There are many “moving parts” to this issue, and conditions are sometimes changing day-to-day. Vigilance and adoptability are required. But we are now at a point where we can recommend the following advisory policy for GSMOL members on this issue:
- Follow and closely monitor the health Orders being issued by your local County. Look for any Order which lists “stay-at-home” restrictions and allows businesses to resume “indoor” or “outdoor” activities.
- At such point as guidelines for your County confirm that businesses can resume “indoor” operations, ask your park management in writing whether common area facilities shall be allowed to re-open consistent with those County health guidelines.
- If you receive no response from management, or receive a reply that seems contrary to County health guidelines, contact your County officials to obtain verification that the park IS able to re-open any of its facilities safely in compliance with County guidelines. Obtain that verification in writing if possible.
- Communicate the County response to park management and request that management re-open facilities based thereon and provide the safety guidelines for usage.
- If park management refuses, consider making a claim for a “service reduction” pursuant to your local rent stabilization ordinance if you have one which contains such a provision. Or consult with an attorney about a possible breach of contract or MRL violation. A resident can also go on-line and file a claim with the Department of Housing and Community Development (HCD) pursuant to the new Mobilehome Residency Law Protection Program (MRLPP).
Other relevant Questions and Answers:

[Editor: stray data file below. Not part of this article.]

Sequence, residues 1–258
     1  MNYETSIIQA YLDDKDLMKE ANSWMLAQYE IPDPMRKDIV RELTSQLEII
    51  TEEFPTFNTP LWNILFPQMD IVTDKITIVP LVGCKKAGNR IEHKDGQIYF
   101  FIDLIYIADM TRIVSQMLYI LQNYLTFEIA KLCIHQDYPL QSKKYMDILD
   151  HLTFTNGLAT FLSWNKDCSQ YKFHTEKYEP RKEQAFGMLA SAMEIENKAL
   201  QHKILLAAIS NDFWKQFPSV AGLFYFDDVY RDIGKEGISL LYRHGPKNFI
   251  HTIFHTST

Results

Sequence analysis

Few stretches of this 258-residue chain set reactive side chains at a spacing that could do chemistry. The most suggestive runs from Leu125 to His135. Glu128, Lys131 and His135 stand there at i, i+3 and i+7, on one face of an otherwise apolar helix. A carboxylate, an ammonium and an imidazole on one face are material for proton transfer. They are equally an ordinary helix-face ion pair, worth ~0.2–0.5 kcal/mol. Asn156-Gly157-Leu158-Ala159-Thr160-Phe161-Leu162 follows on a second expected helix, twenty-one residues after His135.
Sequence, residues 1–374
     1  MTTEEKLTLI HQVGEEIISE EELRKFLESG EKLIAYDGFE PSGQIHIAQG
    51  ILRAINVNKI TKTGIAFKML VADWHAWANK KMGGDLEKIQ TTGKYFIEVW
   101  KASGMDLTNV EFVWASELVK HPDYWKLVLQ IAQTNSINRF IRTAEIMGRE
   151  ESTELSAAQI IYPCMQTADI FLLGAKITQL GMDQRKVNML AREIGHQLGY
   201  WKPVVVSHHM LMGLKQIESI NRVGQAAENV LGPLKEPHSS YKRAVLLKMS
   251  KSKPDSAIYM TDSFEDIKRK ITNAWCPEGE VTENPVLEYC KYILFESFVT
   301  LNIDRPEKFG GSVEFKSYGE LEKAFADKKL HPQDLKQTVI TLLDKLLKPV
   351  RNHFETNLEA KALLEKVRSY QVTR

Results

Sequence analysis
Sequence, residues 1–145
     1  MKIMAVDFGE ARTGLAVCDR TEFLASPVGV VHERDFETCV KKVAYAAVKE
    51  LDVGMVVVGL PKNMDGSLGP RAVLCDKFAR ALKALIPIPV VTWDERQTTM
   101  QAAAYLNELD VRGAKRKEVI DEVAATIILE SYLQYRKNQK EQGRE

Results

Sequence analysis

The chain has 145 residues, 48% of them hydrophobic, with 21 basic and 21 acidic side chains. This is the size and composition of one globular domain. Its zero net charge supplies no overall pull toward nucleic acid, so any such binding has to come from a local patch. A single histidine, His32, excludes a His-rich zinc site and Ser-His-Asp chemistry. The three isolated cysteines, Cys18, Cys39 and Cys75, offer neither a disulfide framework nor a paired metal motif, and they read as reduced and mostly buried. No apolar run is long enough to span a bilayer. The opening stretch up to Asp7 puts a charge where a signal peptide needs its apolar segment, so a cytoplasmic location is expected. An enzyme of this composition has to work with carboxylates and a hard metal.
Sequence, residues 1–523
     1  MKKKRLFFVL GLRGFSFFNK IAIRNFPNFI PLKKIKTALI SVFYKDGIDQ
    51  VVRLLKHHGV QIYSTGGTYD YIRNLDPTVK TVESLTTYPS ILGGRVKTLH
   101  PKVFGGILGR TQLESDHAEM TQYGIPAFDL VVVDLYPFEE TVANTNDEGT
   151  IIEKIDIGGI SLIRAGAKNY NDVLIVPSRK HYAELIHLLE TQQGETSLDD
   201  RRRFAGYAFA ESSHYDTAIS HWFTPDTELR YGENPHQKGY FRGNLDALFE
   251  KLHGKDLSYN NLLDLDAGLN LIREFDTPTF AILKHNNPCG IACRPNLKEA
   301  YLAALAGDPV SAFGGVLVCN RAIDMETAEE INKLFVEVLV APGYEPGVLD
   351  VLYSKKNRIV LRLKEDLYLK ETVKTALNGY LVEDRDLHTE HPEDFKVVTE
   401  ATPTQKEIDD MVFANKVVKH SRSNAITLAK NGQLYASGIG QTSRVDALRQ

Question: Can a park owner use new Civil Code 1942 (b) as an excuse to keep common area facilities permanently closed?
Answer: NO. Civil Code sec. 1942.9 was enacted in January, 2021 as part of SB 91. It provides in subsection (b) that a landlord who temporarily makes unavailable a service or amenity in compliance with federal, state or local public health orders or guidelines shall not be considered in violation of a rental agreement or to have reduced services under any rent control ordinance. The key language here is that the closure must be “in compliance with” government orders. If State or local government allows facilities to re-open, then a park owner cannot be deemed to be “in compliance” with those Orders if facilities remain closed, and this new law would not shield them from liability.
Question: Can a park be required to re-open an outdoor facility such as a pool, even if indoor facilities are not re-opened?
Answer: YES, if the local County health Order so allows. On March 22, 2021, an Administrative Hearing Officer issued a decision under the City of Hayward’s Mobilehome Ordinance in favor of the residents of Mission Bay Mobilehome Park, who had filed an application for a rent reduction due solely to the closure of the pool. The hearing officer found that the park owner did not re-open the pool at such time as Alameda County allowed it to do so, and could not in its discretion keep the pool closed without triggering a “service reduction” under the Ordinance. It was ordered that each resident was entitled to a one-time rent rebate equal to 1.5% of the monthly rent paid for the months of September and October, 2020 when the pool remained closed contrary to County health Orders.
Question: Can a park owner require a resident to sign a “COVID-19 Release/Waiver” form as a condition of using common area facilities?
Answer: Yes, as long as the “Release/Waiver” is specifically limited to COVID-19 related illness. It is reasonable for a park owner to say that it cannot be an absolute guarantor that residents will not catch the virus, and require a reasonable waiver and release. But this should not extend beyond COVID-related illnesses. And it would not excuse the park owner from taking whatever steps are required to provide a safe environment. Failure to do that could effectively void the “Release/Waiver”.